Featured photo credit: Cat in a cute outfit via picjumbo.com
Last Updated on December 2, 2018
How to Flow Your Way to a More Productive Life
Ebb and flow. Contraction and expansion. Highs and lows. It’s all about the cycles of life.
The entire course of our life follows this up and down pattern of more and then less. Our days flow this way, each following a pattern of more energy, then less energy, more creativity and periods of greater focus bookended by moments of low energy when we cringe at the thought of one more meeting, one more call, one more sentence.
The key is in understanding how to use the cycles of ebb and flow to our advantage. The ability to harness these fluctuations, understand how they affect our productivity and mood and then apply that knowledge as a tool to improve our lives is a valuable strategy that few individuals or corporations have mastered.
Here are a few simple steps to start using this strategy today:
Review Your Past Flow
Take just a few minutes to look back at how your days and weeks have been unfolding. What time of the day are you the most focused? Do you prefer to be more social at certain times of the day? Do you have difficulty concentrating after lunch or are you energized? Are there days when you can’t seem to sit still at your desk and others when you could work on the same project for hours?
Do you see a pattern starting to emerge? Eventually you will discover a sort of map or schedule that charts your individual productivity levels during a given day or week. That’s the first step. You’ll use this information to plan your days going forward.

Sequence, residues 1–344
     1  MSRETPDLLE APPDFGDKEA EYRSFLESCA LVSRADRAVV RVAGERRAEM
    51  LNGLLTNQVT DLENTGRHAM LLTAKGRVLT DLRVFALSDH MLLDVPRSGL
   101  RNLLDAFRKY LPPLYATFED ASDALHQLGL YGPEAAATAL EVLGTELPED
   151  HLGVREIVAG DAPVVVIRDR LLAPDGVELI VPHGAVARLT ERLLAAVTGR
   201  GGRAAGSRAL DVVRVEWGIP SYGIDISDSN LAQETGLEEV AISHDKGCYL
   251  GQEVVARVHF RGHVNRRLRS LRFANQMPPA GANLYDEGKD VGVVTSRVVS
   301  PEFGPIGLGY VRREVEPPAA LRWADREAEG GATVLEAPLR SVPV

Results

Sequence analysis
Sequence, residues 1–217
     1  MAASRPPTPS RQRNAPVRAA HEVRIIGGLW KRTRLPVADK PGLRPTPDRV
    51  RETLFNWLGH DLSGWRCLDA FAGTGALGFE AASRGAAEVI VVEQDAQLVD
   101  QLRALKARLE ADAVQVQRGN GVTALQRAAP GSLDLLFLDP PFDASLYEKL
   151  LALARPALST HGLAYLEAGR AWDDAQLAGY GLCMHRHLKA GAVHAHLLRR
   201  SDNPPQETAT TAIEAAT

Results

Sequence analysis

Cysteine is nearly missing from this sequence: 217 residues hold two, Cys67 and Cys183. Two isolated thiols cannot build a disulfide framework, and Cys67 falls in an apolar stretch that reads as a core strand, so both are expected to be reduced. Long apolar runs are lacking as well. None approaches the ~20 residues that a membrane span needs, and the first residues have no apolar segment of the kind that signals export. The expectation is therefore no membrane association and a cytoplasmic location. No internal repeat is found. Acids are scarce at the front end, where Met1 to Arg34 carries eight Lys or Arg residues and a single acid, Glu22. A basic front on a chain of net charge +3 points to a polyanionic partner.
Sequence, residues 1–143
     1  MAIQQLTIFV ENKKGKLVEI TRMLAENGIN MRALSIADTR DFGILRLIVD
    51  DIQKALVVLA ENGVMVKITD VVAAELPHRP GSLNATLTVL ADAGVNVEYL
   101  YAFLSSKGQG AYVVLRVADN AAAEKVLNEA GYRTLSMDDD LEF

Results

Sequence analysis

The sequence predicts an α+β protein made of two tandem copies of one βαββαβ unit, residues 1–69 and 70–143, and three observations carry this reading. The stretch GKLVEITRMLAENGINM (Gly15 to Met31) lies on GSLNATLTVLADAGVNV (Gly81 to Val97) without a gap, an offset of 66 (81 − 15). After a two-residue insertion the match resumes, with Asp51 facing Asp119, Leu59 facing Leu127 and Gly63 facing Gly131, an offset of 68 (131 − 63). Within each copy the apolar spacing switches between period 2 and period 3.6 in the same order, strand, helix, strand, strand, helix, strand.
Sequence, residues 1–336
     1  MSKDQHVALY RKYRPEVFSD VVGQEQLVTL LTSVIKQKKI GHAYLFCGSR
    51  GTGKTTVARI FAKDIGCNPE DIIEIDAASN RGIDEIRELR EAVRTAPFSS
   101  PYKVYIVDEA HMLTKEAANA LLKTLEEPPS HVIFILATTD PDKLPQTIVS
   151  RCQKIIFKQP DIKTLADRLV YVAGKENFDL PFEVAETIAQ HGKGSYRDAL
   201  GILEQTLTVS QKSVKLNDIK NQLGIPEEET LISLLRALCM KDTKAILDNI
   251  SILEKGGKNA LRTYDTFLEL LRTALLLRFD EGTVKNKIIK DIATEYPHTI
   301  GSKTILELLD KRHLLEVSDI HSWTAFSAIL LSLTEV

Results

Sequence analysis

Schedule According to Your Flow Pattern
Look at the types of things you do each day…each week. What can you move around so that it’s a better fit for you? Can you suggest to your team that you schedule meetings for late morning if you can’t stand to be social first thing? Can you schedule detailed project work or highly creative tasks, like writing or designing when you are best able to focus? How about making sales calls or client meetings on days when you are the most social and leaving billing or reports until another time when you are able to close your door and do repetitive tasks.
Keep in mind that everyone is different and some things are out of our control. Do what you can. You might be surprised at just how flexible clients and managers can be when they understand that improving your productivity will result in better outcomes for them.
Account for Big Picture Fluctuations
Look at the bigger picture. Consider what happens during different months or times during the year. Think about what is going on in the other parts of your life. When is the best time for you to take on a new project, role or responsibility? Take into account other commitments that zap your energy. Do you have a sick parent, a spouse who travels all the time or young children who demand all of your available time and energy?
We all know people who ignore all of this advice and yet seem to prosper and achieve wonderful success anyway, but they are usually the exception, not the rule. For most of us, this habitual tendency to force our bodies and our brains into patterns of working that undermine our productivity result in achieving less than desired results and adding more stress to our already overburdened lives.
Why not follow the ebb and flow of your life instead of fighting against it?
Featured photo credit: Nathan Dumlao via unsplash.com